COST Action FA1406 (2015-2019)


General objectives of PHYCOMORPH

The principal objective of PHYCOMORPH is to increase basic knowledge about macroalgal growth, development and reproduction, and to improve sustainable seaweed aquaculture.

This will be performed by combining (i) our PHYCOMORPH partners’ academic understanding of the many biological processes that control macroalgal development, with (ii) the know-how of Research & Development organisations dedicated to knowledge transfer and the creation of innovative seaweed industries.

Ultimately, the Action will be a catalyst for further development and coordination of research dedicated to a better understanding of the physiological, cellular, molecular and genetic mechanisms that control macroalgal growth and development, and further identification of the critical elements of aquaculture
and bloom management.

Specifically, PHYCOMORPH will :

1. Identify the bottlenecks that impede further development of sustainable algal aquaculture.

Among the technological issues to be solved are: 

- Prevent cross-breeding between wild and cultivated seaweed species.

- For specific species with economic value (e.g. Porphyra, Laminaria, Saccharina; see also the “Seaweed Species-Selection Index recently proposed by Kang et al., J. Ocean Univ China, 2013):

  • Set up in-lab cultivation protocols and develop recommendations for new candidate species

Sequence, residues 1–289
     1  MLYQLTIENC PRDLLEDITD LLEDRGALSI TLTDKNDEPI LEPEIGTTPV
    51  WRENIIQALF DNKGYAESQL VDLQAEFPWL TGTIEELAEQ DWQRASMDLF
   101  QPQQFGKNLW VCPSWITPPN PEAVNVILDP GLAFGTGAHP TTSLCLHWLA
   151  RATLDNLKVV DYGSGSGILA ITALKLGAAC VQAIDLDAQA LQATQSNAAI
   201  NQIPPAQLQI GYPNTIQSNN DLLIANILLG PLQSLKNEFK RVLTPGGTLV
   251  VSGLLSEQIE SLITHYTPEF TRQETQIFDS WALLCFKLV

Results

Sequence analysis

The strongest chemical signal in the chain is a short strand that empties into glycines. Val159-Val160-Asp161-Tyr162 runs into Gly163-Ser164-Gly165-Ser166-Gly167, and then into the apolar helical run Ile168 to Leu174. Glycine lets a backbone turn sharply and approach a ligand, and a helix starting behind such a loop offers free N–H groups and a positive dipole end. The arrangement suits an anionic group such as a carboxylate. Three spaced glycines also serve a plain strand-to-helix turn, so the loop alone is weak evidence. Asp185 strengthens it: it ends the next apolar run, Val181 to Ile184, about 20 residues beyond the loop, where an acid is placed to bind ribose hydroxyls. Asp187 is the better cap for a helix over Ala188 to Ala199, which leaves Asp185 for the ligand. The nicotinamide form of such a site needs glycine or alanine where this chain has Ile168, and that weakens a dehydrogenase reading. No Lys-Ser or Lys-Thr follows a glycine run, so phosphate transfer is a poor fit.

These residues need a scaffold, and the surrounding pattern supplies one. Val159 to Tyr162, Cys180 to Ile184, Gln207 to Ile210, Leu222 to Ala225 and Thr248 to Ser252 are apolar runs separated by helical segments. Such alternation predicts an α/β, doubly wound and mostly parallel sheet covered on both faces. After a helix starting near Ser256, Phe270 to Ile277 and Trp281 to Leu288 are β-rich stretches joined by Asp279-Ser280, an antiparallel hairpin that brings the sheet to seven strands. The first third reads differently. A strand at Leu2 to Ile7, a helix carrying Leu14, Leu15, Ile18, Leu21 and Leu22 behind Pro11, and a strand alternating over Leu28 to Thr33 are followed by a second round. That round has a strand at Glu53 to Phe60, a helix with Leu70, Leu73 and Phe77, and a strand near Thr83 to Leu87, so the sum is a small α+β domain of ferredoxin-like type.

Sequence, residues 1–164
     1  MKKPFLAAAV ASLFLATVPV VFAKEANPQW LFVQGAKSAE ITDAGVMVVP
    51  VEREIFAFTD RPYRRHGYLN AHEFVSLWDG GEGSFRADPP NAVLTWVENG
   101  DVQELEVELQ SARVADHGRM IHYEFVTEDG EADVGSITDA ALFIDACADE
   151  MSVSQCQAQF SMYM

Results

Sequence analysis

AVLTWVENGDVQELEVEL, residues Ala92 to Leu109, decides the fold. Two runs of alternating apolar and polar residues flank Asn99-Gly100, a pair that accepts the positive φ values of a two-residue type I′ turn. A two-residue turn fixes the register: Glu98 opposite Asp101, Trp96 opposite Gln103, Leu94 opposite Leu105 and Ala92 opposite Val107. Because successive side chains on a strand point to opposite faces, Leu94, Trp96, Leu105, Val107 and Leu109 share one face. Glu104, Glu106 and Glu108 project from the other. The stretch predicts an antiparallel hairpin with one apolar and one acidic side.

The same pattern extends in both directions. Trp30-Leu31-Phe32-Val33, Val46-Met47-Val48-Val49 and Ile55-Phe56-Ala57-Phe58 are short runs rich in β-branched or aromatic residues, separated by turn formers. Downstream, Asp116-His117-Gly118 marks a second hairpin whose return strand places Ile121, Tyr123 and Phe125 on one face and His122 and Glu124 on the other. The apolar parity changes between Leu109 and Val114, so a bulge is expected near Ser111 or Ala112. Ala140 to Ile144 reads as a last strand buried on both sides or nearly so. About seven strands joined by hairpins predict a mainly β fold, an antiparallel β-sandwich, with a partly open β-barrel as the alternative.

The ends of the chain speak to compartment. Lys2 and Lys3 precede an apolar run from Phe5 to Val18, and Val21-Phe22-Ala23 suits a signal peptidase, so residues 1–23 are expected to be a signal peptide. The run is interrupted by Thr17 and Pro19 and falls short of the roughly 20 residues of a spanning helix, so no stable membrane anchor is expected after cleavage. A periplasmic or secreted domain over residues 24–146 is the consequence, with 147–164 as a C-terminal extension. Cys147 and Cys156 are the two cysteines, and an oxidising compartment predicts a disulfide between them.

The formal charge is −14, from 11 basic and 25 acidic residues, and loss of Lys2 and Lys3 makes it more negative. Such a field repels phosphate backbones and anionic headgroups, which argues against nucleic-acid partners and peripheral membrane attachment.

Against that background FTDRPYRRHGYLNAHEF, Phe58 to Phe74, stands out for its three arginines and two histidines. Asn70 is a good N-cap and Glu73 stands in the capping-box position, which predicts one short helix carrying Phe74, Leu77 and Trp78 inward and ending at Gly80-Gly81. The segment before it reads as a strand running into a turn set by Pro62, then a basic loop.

• Provide standardized feedstock for predictable and robust biomass production
  • Decrease biofouling on the surface of seaweeds, which decreases the quality of the bioresource and affects the production of algal natural products
  • Develop germling preservation techniques to control and stabilise the production in hatcheries
  • Control life cycle shifts that might jeopardize the biomass production through sporulation events.

2. Coordinate and combine the expertise of individual, high-skilled academic research groups in all areas of biology and chemistry to improve our understanding of fundamental processes related to seaweed fertility, growth and development (Task 1,2 3).

The biological issues to be investigated include (to meet the goals stated above):

  • Identifying the chemical and environmental factors to control seaweed fertility using e.g. comparative metabolite profiling along with chemoimetric data analyses.
  • For specific seaweeds (to be chosen by all partners at the beginning of the COST Action), acquiring better knowledge of their life cycles and establishing cultivation conditions in lab.
  • Controlling early life stages of different seaweeds in both tanks and natural environments, and characterizing the adhesion processes (e.g. biofilm formation) at the biological level.
  • Identifying the seasonal environmental impact (including of nutrients, light, temperature, hydrodynamics), on seaweed growth and productivity (e.g. regarding bloom events).
  • Acquiring better knowledge of the seaweed surface to establish protocols to reduce biofouling. 
  • Setting up protocols to preserve seaweed spores, embryos or germlings (cryopreservation) in collaboration with the national curators of the algal collections (e.g., SAG, Germany; CCAP, UK). 

3. Develop technical tools to address new seaweed biological issues (Task 4).

4. Offer open workshops to consolidate the scattered expertise in the scientific community and disseminate it to a broader audience.

5. Train the next generation of innovative and interdisciplinary researchers through short-term scientific missions (STSMs), workshops and summer schools.

6. Ensure knowledge transfer to aquaculture industrial end-users (e.g. by listing our standardized protocols at the end of the Action, by directly interacting with the aquaculture industry through the Action).

7. Provide recommandations to reduce the environmental impact of seaweed aquaculture to aquaculture stakeholders and policy-makers.